Ethanol versus heparin locks for the prevention of central venous catheter-associated bloodstream infections

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“This study aimed to compare prospectively heparinized saline with 70% ethanol locks using 2h dwell time in patients with tunnelled CVCs.” Worth et al (2014).

Reference:

Worth, L.J., Slavin, M.A., Heath, S., Szer, J. and Grigg, A.P. (2014) Ethanol versus heparin locks for the prevention of central venous catheter-associated bloodstream infections: a randomized trial in adult haematology patients with Hickman devices. Journal of Hospital Infection. July 2nd. [epub ahead of print].

Abstract:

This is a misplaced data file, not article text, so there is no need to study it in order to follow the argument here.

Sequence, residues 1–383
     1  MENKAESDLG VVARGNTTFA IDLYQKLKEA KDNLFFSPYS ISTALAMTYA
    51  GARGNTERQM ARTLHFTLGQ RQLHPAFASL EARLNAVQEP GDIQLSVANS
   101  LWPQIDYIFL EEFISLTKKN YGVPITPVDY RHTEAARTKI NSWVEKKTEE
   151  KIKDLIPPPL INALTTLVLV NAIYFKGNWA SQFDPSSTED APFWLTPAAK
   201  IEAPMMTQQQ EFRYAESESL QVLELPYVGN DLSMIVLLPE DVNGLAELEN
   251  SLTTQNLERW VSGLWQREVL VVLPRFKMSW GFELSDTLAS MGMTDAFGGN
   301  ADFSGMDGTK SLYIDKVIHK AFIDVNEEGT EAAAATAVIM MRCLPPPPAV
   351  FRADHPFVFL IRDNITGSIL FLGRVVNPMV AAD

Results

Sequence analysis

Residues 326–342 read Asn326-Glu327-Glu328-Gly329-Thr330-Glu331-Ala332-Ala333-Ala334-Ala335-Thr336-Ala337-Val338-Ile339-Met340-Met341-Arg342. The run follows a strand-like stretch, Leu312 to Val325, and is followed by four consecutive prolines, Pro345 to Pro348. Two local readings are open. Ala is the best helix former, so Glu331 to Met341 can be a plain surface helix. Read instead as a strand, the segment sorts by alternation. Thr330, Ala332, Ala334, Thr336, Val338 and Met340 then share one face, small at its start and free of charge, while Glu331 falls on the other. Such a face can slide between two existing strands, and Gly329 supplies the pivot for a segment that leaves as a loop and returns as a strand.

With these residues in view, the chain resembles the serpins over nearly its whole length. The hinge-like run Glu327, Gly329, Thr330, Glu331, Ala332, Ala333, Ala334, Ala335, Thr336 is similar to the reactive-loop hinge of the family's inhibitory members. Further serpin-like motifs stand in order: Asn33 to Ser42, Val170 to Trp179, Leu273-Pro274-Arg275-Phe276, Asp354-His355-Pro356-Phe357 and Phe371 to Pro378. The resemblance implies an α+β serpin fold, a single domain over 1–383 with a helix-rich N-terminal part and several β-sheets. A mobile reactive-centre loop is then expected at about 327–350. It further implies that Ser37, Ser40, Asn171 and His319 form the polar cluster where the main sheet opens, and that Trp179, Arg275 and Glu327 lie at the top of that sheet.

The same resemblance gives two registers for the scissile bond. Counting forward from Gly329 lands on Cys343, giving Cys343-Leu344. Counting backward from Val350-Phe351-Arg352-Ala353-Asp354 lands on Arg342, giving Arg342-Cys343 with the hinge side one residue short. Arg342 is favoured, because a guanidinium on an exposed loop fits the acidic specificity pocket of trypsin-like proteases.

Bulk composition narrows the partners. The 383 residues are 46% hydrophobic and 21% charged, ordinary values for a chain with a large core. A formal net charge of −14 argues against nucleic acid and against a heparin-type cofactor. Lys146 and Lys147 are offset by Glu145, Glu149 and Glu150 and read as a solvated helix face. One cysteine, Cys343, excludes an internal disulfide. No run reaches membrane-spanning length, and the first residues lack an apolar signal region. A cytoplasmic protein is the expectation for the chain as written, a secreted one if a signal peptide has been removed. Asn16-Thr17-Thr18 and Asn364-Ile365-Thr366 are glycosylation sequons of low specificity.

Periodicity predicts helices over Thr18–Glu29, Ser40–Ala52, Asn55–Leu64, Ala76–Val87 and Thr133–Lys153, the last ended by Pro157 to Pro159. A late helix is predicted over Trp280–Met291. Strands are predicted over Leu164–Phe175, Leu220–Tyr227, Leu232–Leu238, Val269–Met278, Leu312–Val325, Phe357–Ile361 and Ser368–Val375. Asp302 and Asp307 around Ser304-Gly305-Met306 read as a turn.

The effectiveness of ethanol locks for prevention of central venous catheter (CVC)-associated bloodstream infection (CLABSI) in adult haematology patients has not been thoroughly evaluated. This study aimed to compare prospectively heparinized saline with 70% ethanol locks using 2h dwell time in patients with tunnelled CVCs. In saline (N = 43) and ethanol (N = 42) groups, CLABSI rates were 6.0 [95% confidence interval (CI): 3.4-9.8] and 4.1 (95% CI: 1.9-7.7) per 1000 CVC days, respectively (P = 0.42). In the ethanol group, two exit-site infections and one tunnel/pocket infection were observed. Reduction in device-associated infection was not achieved with prophylactic 70% ethanol locks in patients with haematological malignancy and tunnelled CVCs.

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